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Tene Briut inteprets for Ethopian Jews in Israel

Medical interpreter service for Ethiopian-Israeli patients and their healthcare providers

Call: 04-6331877

Sun-Fri 08 - 13; Sun,Tue,Thu 16 - 19

Ethiopian immigrants have to deal not only with language difficulties, but with a very different reality from that familiar to them in Ethiopia.

Many older immigrants have a limited Hebrew proficiency, and often their perception of medical conditions dramatically differs from that of their doctor. They tend to describe pain through different idioms, and their cultural beliefs on what causes illness and the role of the healer are alien to most Israeli doctors. Medical encounters between doctors and Ethiopian immigrant patients are therefore marred with misunderstandings, misconceptions and often distrust. Consequently, Ethiopian immigrants do not receive the medical advice they should be getting, they may feel helpless, and are often unable to adopt important medical recommendations. Doctors in turn, are frustrated as well, feeling they are unable to provide their patients with appropriate care.

International research has shown that language difficulties and cultural differences between the patient and medical staff can lead to unnecessary medical procedures, affect the efficacy of the treatment and the patient's compliance with instructions, and can even be harmful to the patient.  Research in Israel comparing medical treatment received by different population reveals that Ethiopian immigrant patients did not receive the same level of health services as patients from other populations, nor did they carry out the prescribed follow-up tests.  Further, less than 50% of the Ethiopian patients understood the medical staff, compared with 92% of the general population.  These communication gaps are not only a costly economic burden on the health services, but they also present a real health risk to language minority patients.

Although telephone interpreting services have been used abroad for many years, Kol Labriut is the first of its kind in Israel, operating since 2007.  The service is provided free of charge.

Proginterp1System Operation

The professionally trained interpreters work out of Tene Briut's Hadera office in central Israel, using sophisticated computerized recording and data control systems for evaluation and back-up information.  In health care clinics, the doctor / nurse has a phone adapted with 2 handsets, so that the patient, doctor and interpreter are on the call simultaneously making the process transparent to all  involved.  Translation requires the consent of the patient who remains anonymous to the interpreter, ensuring patient confidentiality.  The service conforms to the international code of ethics for medical interpreters.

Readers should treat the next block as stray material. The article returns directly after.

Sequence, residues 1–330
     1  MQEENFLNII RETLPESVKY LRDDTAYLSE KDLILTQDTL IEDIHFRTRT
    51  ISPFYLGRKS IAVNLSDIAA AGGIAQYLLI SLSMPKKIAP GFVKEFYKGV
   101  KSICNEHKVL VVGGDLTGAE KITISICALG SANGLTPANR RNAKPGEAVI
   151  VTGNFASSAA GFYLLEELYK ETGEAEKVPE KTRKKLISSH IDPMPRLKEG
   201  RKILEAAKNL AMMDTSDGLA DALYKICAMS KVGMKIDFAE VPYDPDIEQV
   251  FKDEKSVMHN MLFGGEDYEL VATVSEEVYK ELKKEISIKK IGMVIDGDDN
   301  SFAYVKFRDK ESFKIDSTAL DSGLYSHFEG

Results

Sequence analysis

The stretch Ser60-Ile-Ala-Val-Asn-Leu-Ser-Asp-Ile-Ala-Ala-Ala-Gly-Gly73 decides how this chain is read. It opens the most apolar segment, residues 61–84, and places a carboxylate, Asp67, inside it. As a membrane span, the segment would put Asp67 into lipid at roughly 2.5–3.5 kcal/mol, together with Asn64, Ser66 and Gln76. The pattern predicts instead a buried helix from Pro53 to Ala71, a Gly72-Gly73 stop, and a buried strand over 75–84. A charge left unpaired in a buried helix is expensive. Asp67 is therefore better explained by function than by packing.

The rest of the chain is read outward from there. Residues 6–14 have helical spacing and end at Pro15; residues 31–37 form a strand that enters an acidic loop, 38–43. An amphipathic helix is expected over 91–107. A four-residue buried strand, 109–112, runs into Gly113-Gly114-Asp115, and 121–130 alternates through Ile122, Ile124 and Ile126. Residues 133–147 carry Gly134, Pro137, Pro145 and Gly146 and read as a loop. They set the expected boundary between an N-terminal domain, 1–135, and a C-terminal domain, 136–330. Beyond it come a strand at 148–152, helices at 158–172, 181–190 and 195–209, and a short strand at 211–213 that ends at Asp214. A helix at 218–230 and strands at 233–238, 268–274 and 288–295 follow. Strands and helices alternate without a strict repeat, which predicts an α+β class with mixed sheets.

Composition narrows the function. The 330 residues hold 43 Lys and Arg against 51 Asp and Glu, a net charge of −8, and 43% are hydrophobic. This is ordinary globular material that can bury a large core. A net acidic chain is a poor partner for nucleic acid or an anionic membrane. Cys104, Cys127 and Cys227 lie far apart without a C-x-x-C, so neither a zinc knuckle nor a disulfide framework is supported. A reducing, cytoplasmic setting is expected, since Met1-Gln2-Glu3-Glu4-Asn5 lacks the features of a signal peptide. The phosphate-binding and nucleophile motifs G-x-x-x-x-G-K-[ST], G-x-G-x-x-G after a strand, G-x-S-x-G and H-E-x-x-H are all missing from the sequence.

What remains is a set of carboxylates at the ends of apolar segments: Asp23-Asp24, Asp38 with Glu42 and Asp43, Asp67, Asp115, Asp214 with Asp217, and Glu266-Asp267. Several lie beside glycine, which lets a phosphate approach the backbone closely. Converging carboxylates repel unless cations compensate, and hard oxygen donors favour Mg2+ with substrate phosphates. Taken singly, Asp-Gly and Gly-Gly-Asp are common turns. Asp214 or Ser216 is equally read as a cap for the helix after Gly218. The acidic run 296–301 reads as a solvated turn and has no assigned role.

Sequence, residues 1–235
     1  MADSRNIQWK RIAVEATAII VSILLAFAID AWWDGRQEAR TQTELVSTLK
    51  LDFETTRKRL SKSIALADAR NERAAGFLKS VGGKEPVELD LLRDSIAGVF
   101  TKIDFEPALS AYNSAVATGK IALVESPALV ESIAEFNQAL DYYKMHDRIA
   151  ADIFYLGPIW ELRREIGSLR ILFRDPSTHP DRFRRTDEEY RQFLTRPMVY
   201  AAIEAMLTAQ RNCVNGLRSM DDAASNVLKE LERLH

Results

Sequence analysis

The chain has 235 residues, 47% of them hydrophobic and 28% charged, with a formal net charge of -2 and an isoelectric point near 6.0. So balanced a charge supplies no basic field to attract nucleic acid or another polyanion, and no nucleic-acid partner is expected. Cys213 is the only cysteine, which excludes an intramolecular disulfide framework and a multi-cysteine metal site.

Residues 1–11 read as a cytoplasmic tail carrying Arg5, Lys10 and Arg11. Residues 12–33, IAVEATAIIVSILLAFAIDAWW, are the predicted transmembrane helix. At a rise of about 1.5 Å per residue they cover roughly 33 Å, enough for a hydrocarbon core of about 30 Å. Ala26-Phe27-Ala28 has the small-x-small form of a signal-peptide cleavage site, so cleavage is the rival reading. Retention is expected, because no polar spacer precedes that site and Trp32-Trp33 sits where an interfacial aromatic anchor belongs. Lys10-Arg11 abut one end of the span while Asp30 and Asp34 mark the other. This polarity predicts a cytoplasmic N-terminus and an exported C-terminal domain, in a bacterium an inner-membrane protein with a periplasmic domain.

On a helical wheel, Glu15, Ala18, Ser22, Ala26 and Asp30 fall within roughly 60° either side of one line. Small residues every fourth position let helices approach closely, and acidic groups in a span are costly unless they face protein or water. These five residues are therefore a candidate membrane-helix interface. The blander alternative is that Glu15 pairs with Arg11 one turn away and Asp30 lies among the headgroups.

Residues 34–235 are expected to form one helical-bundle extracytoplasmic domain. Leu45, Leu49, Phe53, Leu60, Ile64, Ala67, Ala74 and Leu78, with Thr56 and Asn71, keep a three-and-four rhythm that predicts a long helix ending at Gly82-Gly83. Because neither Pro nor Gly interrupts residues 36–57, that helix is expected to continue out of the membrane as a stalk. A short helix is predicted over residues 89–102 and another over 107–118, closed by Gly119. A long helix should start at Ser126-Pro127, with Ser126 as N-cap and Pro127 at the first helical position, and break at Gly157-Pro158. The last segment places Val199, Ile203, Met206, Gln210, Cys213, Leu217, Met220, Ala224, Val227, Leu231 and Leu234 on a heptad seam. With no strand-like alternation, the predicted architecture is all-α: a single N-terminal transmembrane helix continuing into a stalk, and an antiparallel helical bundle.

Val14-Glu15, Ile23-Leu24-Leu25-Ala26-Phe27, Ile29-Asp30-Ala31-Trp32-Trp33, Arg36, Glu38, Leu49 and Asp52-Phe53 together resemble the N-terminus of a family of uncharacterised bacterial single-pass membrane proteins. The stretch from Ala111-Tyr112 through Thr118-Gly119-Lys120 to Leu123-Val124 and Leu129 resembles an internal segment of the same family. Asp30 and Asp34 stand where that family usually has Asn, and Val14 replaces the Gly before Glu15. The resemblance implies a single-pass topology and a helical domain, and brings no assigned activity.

As of 2011 the service is available in over 120 health care clinics, hospitals, mother and baby clinics, mental health institutions, as well as the MADA 101 emergency call service.

The service goals are:

·           To provide a real-time, nation-wide solution for communication problems between care providers (e.g. physicians, nurses, pharmacists, social workers, psychiatrists) and their Amharic-speaking patients.

·           To provide Ethiopian Israelis with the means to express their concerns, ask questions, and be able to give informed consent to medical procedures.

·           To improve access and proper utilization of available health services by the community, especially for older patients.

·           To help save unnecessary health expenditure as a result of miscommunication

Monitoring and Evaluation
Research and evaluation are an essential component of the interpreting service, allowing for improvements and expansion.  Call monitoring is performed on a random sample to evaluate the quality of service, and the computerized system provides ongoing quantitative data analysis of the system operation.  Regular feedback on patient/doctor satisfaction is also collected.

Advocacy and Civil Rights

The Patients' Rights Act (Israel 1996) lays down the right of the patient to receive all information regarding his or her diagnosis, and the proposed treatment together with the prognosis and risks involved.

Tene Briut strives to promote the rights of the Ethiopian-Israeli community in the health care arena.  As a result of many years of advocating the need for cultural competence in the delivery of healthcare services, we are witnessing change in the Israeli system.  One of the major HMOs has implemented their own Arabic/Russian interpreter service, modeled on Kol Labriut; and the Government has recently issued a directive to healthcare organizations laying down a timeframe for making interpreter services mandatory in all healthcare clinics and hospitals.


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